If she can forgive, so can I

Last week I saw an interview with Yann Arthus Bertrand. He spent 2 years filming 2000 people from 65 different countries. With these individual stories and wonderful images he shows the beauty and rawness of people and the planet. I was touched by an unbelievable story of a man who murdered a woman and her daughter.

This man was frequently abused by his stepfather. Each time he was abused his stepfather would shout that “he acted out of love for him”. This meant that love and pain had become inextricably linked for this man. “I thought that love was supposed to hurt,” he said. His tears impressed me when he said that Agnes, the mother of the woman and daughter (whose child and grandchild he had murdered) had taught him what love really means. She had been able to forgive him.

I realise that we sometimes need extreme examples to gain new insights ourselves. I realised this morning, before waking up properly (often very lucid moments for me), that if she can forgive him then I can certainly forgive a number of people. They have not nearly done such extreme things as this man. So why am I being so difficult?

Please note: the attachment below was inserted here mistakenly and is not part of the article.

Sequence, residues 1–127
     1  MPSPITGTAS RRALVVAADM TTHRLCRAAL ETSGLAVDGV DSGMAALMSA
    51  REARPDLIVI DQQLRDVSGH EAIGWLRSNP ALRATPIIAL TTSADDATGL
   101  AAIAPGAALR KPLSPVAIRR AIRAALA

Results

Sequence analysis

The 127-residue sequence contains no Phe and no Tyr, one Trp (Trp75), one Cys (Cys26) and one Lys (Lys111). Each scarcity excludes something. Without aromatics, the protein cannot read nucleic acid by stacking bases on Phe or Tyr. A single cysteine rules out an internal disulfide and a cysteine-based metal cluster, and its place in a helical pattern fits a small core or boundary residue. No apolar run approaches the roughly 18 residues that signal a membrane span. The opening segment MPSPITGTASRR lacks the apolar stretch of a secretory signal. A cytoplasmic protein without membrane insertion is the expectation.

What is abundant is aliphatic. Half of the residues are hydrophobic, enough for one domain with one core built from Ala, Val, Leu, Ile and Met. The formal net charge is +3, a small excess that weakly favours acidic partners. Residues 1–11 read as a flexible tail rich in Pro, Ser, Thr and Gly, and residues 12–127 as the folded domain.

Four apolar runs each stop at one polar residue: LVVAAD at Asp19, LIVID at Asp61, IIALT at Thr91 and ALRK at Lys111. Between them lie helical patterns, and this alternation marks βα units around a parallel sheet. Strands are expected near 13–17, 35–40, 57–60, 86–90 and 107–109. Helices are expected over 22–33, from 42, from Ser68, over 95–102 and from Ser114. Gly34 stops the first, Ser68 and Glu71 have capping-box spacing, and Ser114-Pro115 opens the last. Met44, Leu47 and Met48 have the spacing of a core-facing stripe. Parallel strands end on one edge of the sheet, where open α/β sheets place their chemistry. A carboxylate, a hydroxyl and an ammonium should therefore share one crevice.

There are a few people I need to forgive. Someone who is (still) angry with me and has ignored me for years (I find that very hard), my father who was not really a father to me when I grew up, a former colleague who was nasty to me, or the procurement department of an important client that decided to outsource the hiring of team coaches. It’s the agency who now decides who is going to coach which team and meanwhile I was asked to work for a much, much lower fee.

And you know, when I am writing this down, I realise that it is actually (or again) about how I perceive people and events. And that it all starts with being mild towards myself. Mild in recognising that it has affected me; that it’s about not being seen for who I really am; about the fear of being sidelined; not getting what I deserve. But it’s not about the other person.

 The key lies within myself. If I see and accept myself the way I really am, with all my needs and fears, then I don’t need to bear a grudge towards others. Perhaps I can learn from it and I can take these lessons on my journey in life. Or maybe not. Then I leave it with the other person.

Which person do you have trouble with? What is it that they have touched in you? Would you be able to forgive him or her in light of Agnes’s forgiveness? Who would you be if you no longer felt this angry grudge?

I am curious about your experiences because we can learn so much from each other. So we can all live an even more fulfilled life with greater personal freedom.

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